The measles vaccine is given twice. The first dose provides 93 percent protection and the second dose 96 percent. The interval between the first and second doses is quite long, namely 3-5 years. After receiving the two doses, people will be immune to measles for decades or even for life. With this level and duration of efficacy, as well as the large vaccine coverage, it is natural that measles has now been eradicated.
Third, herd immunity can be achieved if a large number of the population becomes immune simultaneously within a certain period. Herd immunity is not achieved if immunity happens in a scattered or asymmetrical way. For example, one area gets vaccinated and another area does not, or one area is vaccinated today and another area 1-2 years later.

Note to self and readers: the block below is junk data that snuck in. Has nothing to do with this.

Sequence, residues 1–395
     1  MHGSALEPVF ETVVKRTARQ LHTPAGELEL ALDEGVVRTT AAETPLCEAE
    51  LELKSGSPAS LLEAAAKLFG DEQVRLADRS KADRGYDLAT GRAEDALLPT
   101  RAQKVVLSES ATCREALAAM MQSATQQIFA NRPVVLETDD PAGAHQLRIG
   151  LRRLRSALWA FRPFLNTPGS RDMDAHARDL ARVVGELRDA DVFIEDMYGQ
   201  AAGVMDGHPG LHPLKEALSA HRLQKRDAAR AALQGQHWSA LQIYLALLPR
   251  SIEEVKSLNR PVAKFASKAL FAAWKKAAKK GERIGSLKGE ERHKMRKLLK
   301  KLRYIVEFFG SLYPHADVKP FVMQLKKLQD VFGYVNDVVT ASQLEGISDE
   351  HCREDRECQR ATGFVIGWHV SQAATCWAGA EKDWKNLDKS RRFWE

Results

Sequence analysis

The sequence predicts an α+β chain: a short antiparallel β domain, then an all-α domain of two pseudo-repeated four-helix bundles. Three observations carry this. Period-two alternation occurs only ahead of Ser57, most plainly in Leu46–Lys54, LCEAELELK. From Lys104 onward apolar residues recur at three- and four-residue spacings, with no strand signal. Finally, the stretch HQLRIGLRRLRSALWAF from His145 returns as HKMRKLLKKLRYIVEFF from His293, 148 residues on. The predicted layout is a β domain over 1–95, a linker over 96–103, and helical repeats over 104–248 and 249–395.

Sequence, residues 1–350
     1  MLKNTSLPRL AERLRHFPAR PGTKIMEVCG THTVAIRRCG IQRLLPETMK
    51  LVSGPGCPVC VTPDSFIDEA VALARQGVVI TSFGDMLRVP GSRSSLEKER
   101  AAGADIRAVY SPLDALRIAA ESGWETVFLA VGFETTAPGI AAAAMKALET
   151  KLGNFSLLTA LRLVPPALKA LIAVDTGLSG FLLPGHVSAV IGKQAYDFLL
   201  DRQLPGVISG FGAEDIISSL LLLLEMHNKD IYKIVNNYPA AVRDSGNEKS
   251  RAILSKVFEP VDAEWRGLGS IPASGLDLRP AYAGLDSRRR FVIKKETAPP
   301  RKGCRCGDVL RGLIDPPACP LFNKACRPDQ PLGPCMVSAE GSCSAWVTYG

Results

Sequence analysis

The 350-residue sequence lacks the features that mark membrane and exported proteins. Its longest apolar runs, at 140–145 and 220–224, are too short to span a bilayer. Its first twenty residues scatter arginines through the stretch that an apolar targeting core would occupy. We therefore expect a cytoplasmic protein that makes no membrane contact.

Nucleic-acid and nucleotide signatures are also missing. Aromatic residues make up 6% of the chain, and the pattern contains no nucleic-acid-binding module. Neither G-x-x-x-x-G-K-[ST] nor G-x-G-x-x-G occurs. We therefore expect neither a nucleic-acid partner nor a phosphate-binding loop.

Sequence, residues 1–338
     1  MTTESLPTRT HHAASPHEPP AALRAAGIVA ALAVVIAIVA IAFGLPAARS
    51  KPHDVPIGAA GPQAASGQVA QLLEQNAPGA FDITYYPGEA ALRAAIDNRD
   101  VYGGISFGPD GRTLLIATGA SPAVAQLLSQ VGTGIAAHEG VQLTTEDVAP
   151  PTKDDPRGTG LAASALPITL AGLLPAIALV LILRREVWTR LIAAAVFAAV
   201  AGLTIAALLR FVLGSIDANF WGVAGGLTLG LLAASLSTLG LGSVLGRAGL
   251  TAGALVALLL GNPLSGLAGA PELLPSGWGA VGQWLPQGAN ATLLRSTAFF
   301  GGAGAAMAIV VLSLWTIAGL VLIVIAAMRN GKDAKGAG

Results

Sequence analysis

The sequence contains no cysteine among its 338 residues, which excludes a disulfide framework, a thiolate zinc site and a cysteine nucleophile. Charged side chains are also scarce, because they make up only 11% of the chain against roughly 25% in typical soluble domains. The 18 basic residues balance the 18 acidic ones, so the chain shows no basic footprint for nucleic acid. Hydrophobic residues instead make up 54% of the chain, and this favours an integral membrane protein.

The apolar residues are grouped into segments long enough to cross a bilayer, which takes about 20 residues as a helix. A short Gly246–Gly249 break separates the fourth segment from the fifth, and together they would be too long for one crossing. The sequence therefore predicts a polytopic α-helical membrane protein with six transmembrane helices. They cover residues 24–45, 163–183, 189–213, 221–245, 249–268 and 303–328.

Also read: Vaccine and Vaccination against Covid-19
Scattered or asymmetrical immunity has the potential to trigger the reappearance of infection. Say, in the last six months 70 percent of the population of West Java has been given a vaccine with an efficacy that lasts a year, while 70 percent of the population of East Java just finishes vaccination in the next 1-2 years. This would not result in effective herd immunity because as soon as the East Java population achieves herd immunity, the West Java population begins to lose the effectiveness of the vaccine. This consideration is the basis for a number of vaccination programs to be carried out simultaneously, such as national immunization week.